Perpetual traveler

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Advertising for second passports and information about becoming a "Perpetual Traveller". Scope, The Times, 1994.

The term perpetual traveler (also PT, permanent tourist, or prior taxpayer) refers to the idea that by basing different aspects of one's life in different countries and not spending too long in any one place, a person can reduce taxes, avoid civic duties, and increase personal freedom. Books and services relating to the PT idea have been a staple of companies that specialise in marketing offshore financial services, tax avoidance schemes, and personal privacy services.

Principles

The perpetual traveler idea proposes that individuals live in such a way that they are not considered a legal resident of any of the countries in which they spend time or operate. By lacking a legal permanent residence status, the theory goes, they may avoid the legal obligations which accompany residency, such as income and asset taxes, social security contributions, jury duty, and military service.[citation needed] It has been described as a "late capitalist nomadism".[1]

Flag theory

The perpetual traveler idea has been presented in terms of flag theory, wherein each flag represents one of the legal jurisdictions under which the perpetual traveller operates. The Three Flags Theory is credited to investment pundit Harry D. Schultz, who proposed that everyone should have a second passport and an address in a tax haven and that their assets should be kept outside their home country. The idea was later expanded to Five Flags to include a place where money was earned and a place for recreation.

Whether to minimize governmental interference (via taxes or otherwise), or to maximize privacy, the theory proposes that each of the following should be in a separate country:

  1. Passport and citizenship - in a country that does not tax money earned outside the country or control actions.
  2. Legal residence - in a tax haven.
  3. Business base - where you earn your money, ideally somewhere with low corporate tax rates.
  4. Asset haven - where you keep your money, ideally somewhere with low taxation of savings income and capital gains.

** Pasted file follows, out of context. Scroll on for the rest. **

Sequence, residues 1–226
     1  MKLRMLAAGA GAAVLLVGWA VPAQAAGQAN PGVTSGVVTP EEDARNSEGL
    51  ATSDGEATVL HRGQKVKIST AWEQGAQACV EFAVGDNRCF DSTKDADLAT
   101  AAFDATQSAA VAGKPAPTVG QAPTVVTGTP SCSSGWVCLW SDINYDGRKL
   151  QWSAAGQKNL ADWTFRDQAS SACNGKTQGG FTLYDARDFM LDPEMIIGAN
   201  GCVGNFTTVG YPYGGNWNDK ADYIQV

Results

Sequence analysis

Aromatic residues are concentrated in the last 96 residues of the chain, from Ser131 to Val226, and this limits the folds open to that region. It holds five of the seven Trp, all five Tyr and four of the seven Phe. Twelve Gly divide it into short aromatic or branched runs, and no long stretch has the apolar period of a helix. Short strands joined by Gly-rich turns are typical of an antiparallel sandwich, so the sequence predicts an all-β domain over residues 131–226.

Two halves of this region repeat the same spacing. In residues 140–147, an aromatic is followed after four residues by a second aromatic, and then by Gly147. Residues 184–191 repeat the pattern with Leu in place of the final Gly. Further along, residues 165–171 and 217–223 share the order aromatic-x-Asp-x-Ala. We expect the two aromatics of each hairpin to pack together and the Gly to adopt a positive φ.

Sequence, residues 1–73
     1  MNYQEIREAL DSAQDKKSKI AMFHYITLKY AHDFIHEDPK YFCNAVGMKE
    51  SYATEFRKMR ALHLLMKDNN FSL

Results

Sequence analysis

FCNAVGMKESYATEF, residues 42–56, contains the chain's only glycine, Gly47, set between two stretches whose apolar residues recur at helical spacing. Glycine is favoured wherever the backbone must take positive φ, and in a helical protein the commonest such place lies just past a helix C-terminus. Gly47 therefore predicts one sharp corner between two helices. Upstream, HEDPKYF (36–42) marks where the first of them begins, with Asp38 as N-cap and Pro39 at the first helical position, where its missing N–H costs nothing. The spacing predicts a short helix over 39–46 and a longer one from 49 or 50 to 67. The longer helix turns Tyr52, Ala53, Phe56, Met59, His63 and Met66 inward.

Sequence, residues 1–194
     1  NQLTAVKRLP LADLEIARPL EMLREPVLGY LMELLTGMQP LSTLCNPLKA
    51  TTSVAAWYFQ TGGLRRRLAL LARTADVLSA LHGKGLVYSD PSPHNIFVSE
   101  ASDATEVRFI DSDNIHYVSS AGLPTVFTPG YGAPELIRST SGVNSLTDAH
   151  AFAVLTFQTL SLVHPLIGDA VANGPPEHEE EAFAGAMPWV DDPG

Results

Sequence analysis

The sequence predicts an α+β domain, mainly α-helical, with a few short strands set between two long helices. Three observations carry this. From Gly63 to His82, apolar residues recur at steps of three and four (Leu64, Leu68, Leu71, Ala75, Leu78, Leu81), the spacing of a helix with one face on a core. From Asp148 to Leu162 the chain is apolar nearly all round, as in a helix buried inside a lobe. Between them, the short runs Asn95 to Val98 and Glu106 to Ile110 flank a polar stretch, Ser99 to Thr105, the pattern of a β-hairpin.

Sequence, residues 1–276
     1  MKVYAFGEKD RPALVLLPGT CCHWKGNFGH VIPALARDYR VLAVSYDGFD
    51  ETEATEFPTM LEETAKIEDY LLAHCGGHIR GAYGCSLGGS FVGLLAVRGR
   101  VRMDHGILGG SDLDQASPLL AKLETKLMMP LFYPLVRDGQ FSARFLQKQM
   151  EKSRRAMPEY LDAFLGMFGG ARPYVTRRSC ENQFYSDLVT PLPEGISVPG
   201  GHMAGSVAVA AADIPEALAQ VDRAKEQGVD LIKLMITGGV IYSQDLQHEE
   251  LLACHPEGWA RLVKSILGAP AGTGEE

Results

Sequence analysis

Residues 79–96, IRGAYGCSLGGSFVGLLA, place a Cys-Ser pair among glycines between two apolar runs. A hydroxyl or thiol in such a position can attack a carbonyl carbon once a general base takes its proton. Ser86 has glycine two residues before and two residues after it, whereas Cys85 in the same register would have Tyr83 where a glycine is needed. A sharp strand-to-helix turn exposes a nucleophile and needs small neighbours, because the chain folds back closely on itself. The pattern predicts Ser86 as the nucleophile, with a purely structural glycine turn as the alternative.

5. Playgrounds - where you spend your money, ideally somewhere with low consumption tax and VAT.

In 1995, financial commentator Bob Beckman commented about his residence in Monaco, "A long time ago, I was told that the most efficient way for an individual to handle his affairs was to work one place, keep his money in a second place and live in a third place. I live in Monaco. I don't work here, my money is placed elsewhere, but managed from here."[2]

Scope International and W.G. Hill

Harry Schultz's ideas were picked up by Scope International Limited[3] of Waterlooville,[4] England (not related to Scope International owned by Standard Chartered Bank), who popularized the idea through a series of books they published under the name of W.G. Hill (William G. Hill) (possibly a pseudonym) in the 1980s and 90s which were sold through classified advertising in The Times.[5] Around 1989, they published PT: A coherent plan for a stress-free, healthy and prosperous life without government interference, taxes or coercion by Hill which was said to have been "inspired and edited by Harry Donald Schultz"[6] and went through up to seven editions. In 1993, they published PT2: The practice: freedom and privacy tactics: A reference handbook by Hill[7] which also went through several editions. Other books published by Scope and said to have been written by Hill include Banking in silence, The Monaco report and Think like a tycoon.

See also

References

  1. ^ "Cyberspatial Sovereignties: Offshore Finance, Digital Cash, and the Limits of Liberalism", Bill Maurer, Indiana Journal of Global Legal Studies, Vol. 5, No. 2 (Spring 1998), pp. 493-519.
  2. ^ Robert C. Beckman An American in Monaco. Monaco Actualité. Retrieved 28 March 2016.
  3. ^ No. 01482077. Incorporated as Scope-books Limited 28 February 1980. Now dissolved.
  4. ^ Cassell and the Publishers Association directory of publishing 1994: UK, Commonwealth and overseas. 19th edition. Continuum International Publishing, 1993. p. 138. ISBN 0304328200
  5. ^ Classified advertising. The Times, 3 May 1991, p. 34.
  6. ^ British Library. Retrieved 4 February 2016.
  7. ^ Worldcat. Retrieved 7 February 2016.
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